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by GK Strategy 7th July, 2016
3 min read

Mark Carney and his Perfect PR

When businesses face a crisis, effective communication by leaders is crucial in calming the fears of employees, customers and investors. Communications professionals of all stripes know that effective crisis comms is needed to reassure stakeholders that the leadership team has a plan to prevent long term damage to the brand and safeguard the financial future of the business.

According to a recent report by the Chartered Institute of Public Relations (CIPR), reputation can be worth up to 28% of a firm’s market value, and failure to reassure stakeholders can lead to significant decline in this value. Just think back to the Volkswagen emissions scandal which broke in 2015, and has since wiped £15bn off VW’s market value. The CIPR stresses that “corporate governance and corporate reputation go hand in hand” – meaning leaders must not only have strategies in place to deal with crisis, they also need to communicate to employees, customers and investors that they are prepared to deal with the emerging threats facing the company.

What is true for business is also true for economics. When the UK voted to leave the European Union two weeks ago, investor confidence initially plummeted with politicians taking to the airwaves in an attempt to restore calm.

Yet the public figure who succeeded the most in restoring confidence was not a politician from either the Leave or Remain camps. It was Mark Carney, Governor of the Bank of England.

He proved far more effective at this than either David Cameron or George Osborne in the aftermath of the referendum result. The Prime Minister looked tired and drawn as he promised to do everything he could to ‘steady the ship’ over the next few weeks and months. His words lacked weight, not only because they were so vague, but also because they were overshadowed by the larger message of his resignation.

Similarly, when George Osborne came to make a speech on Tuesday, his flat and almost robotic delivery failed to provide investors with a sense of hope, or give the impression that he really had a serious strategy to deal with the situation. A key lesson can be drawn from this. Even if Osborne had an effective plan, his poor delivery undercut any sense of its credibility.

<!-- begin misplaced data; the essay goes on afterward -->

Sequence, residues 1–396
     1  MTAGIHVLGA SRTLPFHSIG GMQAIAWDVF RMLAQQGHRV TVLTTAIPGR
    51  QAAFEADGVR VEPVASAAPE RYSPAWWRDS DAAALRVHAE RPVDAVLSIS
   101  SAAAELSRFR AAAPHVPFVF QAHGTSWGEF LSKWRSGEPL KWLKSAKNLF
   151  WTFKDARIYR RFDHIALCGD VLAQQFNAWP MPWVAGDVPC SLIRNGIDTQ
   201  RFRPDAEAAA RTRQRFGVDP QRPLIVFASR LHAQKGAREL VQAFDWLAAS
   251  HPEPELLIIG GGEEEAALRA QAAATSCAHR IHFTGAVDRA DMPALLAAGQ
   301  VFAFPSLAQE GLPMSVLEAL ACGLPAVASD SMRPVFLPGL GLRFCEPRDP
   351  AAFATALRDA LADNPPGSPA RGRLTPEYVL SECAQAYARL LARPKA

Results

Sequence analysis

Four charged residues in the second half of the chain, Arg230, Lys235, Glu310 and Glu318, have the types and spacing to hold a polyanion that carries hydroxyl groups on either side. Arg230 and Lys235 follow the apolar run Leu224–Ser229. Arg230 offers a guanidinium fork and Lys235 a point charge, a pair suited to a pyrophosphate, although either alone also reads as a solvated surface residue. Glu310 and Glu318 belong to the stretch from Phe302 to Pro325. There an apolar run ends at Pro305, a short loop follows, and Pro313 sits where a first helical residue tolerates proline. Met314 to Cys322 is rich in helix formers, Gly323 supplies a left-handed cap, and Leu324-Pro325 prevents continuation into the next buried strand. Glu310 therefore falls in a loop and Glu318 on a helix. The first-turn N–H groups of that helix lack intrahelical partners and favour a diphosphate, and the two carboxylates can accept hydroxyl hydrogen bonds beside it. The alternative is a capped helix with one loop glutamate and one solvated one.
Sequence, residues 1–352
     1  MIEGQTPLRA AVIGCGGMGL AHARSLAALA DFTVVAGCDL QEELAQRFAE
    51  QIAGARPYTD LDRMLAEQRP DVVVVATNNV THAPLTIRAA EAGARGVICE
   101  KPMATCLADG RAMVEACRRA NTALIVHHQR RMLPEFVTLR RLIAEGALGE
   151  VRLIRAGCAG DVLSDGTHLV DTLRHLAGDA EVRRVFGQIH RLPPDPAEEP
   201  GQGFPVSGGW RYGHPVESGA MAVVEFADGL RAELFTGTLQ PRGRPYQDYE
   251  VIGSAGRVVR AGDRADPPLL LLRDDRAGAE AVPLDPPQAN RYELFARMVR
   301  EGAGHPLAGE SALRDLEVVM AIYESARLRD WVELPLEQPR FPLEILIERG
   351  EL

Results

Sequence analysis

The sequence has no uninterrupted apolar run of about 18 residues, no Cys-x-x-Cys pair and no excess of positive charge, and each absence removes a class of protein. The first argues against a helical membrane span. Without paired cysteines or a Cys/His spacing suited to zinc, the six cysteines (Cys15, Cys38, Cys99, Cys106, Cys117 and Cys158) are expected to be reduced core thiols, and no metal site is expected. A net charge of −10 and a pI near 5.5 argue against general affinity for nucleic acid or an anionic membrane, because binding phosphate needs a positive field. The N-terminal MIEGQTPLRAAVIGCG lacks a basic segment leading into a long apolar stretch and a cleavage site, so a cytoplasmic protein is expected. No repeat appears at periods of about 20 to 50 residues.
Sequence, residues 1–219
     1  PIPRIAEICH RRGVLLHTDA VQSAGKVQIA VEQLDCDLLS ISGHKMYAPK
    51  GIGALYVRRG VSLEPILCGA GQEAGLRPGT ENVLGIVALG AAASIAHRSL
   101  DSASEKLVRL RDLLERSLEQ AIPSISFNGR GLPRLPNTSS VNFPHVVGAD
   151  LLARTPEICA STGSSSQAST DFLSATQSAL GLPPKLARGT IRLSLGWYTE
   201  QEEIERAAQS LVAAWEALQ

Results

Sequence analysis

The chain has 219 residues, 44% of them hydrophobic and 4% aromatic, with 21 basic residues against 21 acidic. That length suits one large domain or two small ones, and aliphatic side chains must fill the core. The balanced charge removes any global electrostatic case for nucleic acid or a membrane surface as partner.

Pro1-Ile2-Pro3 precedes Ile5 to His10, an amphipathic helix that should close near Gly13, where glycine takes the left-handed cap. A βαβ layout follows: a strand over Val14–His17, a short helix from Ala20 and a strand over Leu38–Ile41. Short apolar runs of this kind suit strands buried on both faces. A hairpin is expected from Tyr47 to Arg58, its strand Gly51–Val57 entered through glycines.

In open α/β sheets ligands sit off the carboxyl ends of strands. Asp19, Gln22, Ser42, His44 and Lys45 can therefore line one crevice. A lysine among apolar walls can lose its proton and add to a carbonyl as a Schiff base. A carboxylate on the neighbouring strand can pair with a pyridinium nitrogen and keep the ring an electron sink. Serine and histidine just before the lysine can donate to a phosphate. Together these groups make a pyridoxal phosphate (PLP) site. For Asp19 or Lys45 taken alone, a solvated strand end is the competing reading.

Not so the case with Carney, who was described by commentators as having the poise and gravitas the politicians lacked. Markets reacted instantaneously to his calm delivery and confident no-nonsense demeanour, with the FTSE 100 rising 144 points to a 10 month high.

Carney trod a careful line between brutal honesty and quiet confidence. He gave clear limits to what he could achieve: “One uncomfortable truth is that there are limits to what the Bank of England can do”. Commentators favoured his simple and open style, comparing it to the less-than inspiring responses from Boris Johnson and Michael Gove.

Carney’s example is useful for highlighting the impact effective communication by a leader can have in a crisis. First he restated his commitment to deal with the issue by saying “It would be irresponsible of me, or any of my other colleagues, to walk away from those obligations” and studiously avoided use of triggering words such as ‘recession’.

Communications in such circumstances are designed to prevent knee jerk reactions by investors and customers causing further damage to the organisation or company. Mark Carney was able to do this to a considerable degree and alleviate panic about the Bank of England’s capability to deal with the UK’s (now serious) economic problems.

It is easy to tell when this is done correctly. Crisis comms is a sign of real and effective leadership for any organisation, and given the current economic outlook, we look forward to more from Mr Carney.

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